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Japan’s sushi-train restaurant chains eye overseas expansion

(Source: Bigstock)

Japanese sushi-train restaurant chains – locally referred to as kaitenzushi – are refocusing on overseas markets as domestic demand falls. 

According to Global Data, sushi chains in Japan have been hurt by decreasing domestic economy, which has been caused by rising costs and lacklustre consumer spending. In addition, a weakening Japanese currency and rising ingredient costs had a substantial impact on their operations since they mostly relied on imported seafood.

Global Data said most sushi chains have been obliged to boost menu prices or risk losing money and because of growing living costs, Japanese consumers are reducing their discretionary spending.

“Facing fierce competition and razor-thin profit margins in the home market, sushi chains are exploring international expansion as part of their growth strategy,” said Suneera Joseph, consumer analyst at GlobalData.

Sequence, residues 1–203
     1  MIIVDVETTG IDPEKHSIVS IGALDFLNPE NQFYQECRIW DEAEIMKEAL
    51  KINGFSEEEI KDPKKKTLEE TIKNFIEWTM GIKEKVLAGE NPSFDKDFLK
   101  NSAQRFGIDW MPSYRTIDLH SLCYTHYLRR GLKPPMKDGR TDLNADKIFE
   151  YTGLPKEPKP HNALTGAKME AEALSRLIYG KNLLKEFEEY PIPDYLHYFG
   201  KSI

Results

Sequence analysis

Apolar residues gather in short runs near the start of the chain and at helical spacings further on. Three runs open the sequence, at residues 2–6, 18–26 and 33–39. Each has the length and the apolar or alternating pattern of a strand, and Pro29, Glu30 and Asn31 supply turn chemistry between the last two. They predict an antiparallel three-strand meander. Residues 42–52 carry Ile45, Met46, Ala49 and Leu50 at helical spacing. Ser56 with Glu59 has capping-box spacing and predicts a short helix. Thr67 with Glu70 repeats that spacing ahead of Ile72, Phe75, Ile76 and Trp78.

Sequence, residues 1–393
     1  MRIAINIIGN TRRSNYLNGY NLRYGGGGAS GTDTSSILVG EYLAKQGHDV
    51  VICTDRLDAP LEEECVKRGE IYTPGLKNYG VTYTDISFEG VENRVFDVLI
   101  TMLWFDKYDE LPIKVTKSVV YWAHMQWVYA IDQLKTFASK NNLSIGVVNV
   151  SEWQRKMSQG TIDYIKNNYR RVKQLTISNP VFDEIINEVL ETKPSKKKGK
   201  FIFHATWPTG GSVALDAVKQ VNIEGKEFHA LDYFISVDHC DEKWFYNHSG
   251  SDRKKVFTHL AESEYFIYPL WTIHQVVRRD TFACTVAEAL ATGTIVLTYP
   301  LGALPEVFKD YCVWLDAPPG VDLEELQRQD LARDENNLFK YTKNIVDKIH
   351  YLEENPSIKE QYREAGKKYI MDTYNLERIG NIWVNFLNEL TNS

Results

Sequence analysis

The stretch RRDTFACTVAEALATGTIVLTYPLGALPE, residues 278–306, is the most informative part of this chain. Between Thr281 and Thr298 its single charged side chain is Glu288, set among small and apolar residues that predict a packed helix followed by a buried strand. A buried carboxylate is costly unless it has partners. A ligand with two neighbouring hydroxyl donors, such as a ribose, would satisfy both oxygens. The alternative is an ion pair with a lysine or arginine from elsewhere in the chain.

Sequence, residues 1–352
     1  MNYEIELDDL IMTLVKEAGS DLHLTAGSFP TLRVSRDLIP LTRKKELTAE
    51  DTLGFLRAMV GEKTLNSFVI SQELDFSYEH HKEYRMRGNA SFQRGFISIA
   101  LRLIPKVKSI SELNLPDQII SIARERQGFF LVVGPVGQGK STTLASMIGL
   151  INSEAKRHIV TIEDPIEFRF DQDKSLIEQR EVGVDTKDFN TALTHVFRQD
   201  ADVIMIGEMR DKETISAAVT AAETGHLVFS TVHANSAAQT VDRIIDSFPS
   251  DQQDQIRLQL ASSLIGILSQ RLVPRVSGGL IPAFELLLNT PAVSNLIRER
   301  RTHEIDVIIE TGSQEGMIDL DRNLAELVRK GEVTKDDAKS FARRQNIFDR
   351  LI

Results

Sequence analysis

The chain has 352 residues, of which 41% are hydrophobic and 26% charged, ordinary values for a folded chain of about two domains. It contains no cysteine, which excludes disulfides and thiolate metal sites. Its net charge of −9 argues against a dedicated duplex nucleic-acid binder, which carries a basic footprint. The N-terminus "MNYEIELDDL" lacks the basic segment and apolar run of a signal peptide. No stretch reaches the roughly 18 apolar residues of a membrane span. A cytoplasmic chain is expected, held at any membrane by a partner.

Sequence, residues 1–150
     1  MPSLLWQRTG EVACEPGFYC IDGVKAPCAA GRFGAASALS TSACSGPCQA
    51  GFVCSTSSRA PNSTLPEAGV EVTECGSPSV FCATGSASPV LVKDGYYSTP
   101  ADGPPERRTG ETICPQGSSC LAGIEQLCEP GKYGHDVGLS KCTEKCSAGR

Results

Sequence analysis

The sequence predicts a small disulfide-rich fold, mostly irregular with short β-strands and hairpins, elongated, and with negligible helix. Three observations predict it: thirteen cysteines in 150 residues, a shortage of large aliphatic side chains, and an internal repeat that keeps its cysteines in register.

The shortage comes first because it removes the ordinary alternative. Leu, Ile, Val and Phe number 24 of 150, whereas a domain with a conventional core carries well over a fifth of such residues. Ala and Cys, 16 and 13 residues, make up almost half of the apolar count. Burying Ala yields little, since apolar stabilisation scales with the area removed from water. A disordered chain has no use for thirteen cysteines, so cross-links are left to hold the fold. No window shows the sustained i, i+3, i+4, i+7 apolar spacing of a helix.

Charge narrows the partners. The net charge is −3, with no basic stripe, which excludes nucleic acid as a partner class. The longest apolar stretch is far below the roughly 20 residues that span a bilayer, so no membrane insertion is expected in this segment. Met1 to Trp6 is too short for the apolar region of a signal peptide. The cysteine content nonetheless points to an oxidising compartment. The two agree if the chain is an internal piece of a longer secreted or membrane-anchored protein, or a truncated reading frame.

“The expansion plans are also being driven by the revival of consumer footfall at food service outlets after the lifting of Covid-19 restrictions.”

Sushiro and Kura Sushi, two big sushi chains, are also planning to expand their overseas presence to compensate for the slowdown in domestic business, Joseph said. The sushi restaurants intend to open new locations in the US, China, and other Asian regions.

Sushiro expects to open some 60 new foreign locations by September, compared to 20 planned in the domestic market. Similarly, Kura Sushi’s ambitions are to open 400 foreign locations by 2030, with its first location in China opening this year.

Further reading: GlobalData predicts Asia’s duty-free market will recover by 2023

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